Mobius Risk Group, however, warned that anytime cooler changes show up in the GFS, the market dismisses them. Disregarding the shifts is “understandable” since December cold has never materialized, despite several instances of a forecast pattern change. However, “it is important to consider how quickly a discounted view of weather risk can turn when the speculative community is as short as it currently is.”
EBW Analytics Group shared that sentiment, saying that a near-record short positioning represents a potential “tinderbox” if bulls can force a short-covering rally.
“Net speculator short positioning is a contra-indicator. Record short positions in mid-August and mid-October pre-dated significant short-covering rallies in early September and early November,” the firm said. “Near-record speculator short positioning in mid-December could foreshadow a similar rally in early January.”
Nevertheless, it likely requires a strong fundamental catalyst, “which remains far from guaranteed, to ignite a short-covering rally higher.”
After a numbing week in which temperatures across much of the northern United States plummeted to the single digits, a much warmer stretch of weather was set to arrive, sending demand barreling lower from recent highs.
The mercury was forecast to reach 50 degrees or higher Saturday for cities including Oklahoma City, Denver and Rapid City, SD, according to AccuWeather, with the unusually mild weather expanding northward and eastward on Sunday. Highs are likely to reach the 40s in Minneapolis and Chicago before closing out the weekend.
Similarly warm conditions are expected farther south across the Plains and by Sunday; temperatures in the 60s are forecast across the Texas and Oklahoma panhandles, Kansas and across portions of eastern Colorado, AccuWeather said.
In Kansas City and St. Louis, temperatures are forecast to climb into the 50s for early next week, a far cry from this past weekend, when more than half of a foot of snow fell over these same areas.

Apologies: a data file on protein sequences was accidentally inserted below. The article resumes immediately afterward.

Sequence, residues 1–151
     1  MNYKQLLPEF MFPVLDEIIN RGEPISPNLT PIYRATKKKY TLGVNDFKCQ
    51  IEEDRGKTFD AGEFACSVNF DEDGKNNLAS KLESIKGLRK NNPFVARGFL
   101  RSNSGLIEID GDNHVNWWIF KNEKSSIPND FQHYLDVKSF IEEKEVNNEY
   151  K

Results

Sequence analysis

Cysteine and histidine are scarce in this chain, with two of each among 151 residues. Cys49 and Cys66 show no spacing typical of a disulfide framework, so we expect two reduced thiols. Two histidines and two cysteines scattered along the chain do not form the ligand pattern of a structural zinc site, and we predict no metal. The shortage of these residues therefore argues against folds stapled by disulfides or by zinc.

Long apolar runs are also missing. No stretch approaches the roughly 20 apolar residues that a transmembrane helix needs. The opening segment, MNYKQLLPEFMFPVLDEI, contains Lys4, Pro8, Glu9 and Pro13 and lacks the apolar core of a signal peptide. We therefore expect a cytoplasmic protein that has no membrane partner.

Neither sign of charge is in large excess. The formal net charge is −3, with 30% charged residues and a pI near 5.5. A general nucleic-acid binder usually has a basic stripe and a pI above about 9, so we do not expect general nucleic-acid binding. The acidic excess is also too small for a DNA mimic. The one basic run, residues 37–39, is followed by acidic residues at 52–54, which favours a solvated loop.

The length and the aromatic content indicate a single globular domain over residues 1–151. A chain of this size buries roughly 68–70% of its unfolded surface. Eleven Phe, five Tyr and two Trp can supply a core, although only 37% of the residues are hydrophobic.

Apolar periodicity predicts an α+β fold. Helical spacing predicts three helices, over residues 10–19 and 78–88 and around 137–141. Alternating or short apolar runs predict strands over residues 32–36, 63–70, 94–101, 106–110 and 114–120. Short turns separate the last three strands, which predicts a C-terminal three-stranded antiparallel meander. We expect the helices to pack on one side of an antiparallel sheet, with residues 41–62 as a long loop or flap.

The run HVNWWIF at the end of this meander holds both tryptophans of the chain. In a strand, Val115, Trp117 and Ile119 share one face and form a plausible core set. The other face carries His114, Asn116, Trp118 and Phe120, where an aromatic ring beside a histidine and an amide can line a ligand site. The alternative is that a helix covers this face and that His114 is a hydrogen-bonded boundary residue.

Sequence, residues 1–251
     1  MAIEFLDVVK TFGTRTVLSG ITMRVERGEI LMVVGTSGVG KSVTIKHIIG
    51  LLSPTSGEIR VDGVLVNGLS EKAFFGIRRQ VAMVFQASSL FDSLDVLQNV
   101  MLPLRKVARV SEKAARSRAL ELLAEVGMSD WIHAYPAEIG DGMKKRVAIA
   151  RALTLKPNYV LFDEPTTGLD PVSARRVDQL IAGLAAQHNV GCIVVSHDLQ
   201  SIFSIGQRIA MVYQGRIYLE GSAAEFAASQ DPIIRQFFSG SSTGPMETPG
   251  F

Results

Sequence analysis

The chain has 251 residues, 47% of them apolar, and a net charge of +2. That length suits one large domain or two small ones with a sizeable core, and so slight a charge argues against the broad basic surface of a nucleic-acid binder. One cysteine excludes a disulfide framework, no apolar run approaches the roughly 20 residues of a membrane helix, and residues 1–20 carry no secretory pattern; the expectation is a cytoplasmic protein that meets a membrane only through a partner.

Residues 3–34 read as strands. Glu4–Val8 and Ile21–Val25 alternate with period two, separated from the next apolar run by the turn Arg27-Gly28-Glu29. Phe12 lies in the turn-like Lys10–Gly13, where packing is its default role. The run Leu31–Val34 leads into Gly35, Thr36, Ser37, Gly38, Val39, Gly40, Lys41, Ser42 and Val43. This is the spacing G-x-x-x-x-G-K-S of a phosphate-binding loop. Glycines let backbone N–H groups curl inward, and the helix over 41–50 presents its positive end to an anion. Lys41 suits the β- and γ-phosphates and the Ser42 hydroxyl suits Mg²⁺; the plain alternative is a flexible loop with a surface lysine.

“It will feel more like Thanksgiving than Christmas for many areas in the central United States leading up to the holiday as highs will be more on par with mid-November,” AccuWeather meteorologist Courtney Travis said.
The warmer forecasts sent spot gas prices across the Northeast tumbling from the recent highs achieved this week as demand hit 4 Bcf/d and pipeline constraints strained supplies.
Tenn Zone 6 200L spot gas tumbled $2.650 to average $12.010.
Transco Zone 6 NY dropped $2.180 to reach $3.425.
In Appalachia, Texas Eastern M-3, Delivery spot gas was down $2.265 to $3.320 as traders responded to the latest maintenance update from Texas Eastern Transmission (Tetco).
The pipeline is continuing to investigate potential hard spot anomalies between the Delmont and Perulack compressors on the M3 Penn-Jersey Line. Progress has been delayed due to inclement weather despite the work that has been made so far, Genscape reported.
The pipeline expects that “they will have analyzed enough anomalies by early next week to decide whether to lift the Delmont outage entirely, or whether additional work is required,” Genscape natural gas analyst Josh Garcia said.
Similar progress has been made for investigations between Bechtelsville and Lambertville, although Tetco expects that the decision will be made to either lift the outage or extend it for more maintenance between Dec. 27-30.
Only two instances of location remediation are left in progress between Perulack and Shermansdale, according to Genscape. Assessments are in progress and Tetco expects to lift the roughly 350 MMcf/d restriction between these compressors by the end of the week, on either Friday or Saturday.
“This would alleviate some of the bullish pressure on M3 prices as Tetco would be able to bring more supply onto the pipe via the Tetco-Leidy Line and meet more downstream demand,” Garcia said.
Over in the Southeast, spot gas prices were down sharply. Transco Zone 5 tumbled $1.805 to average $2.995. Louisiana cash was mixed, but prices less than a nickel across most of the state.
Similarly, modest losses were seen across Texas, where Katy slipped 2.0 cents to $2.125.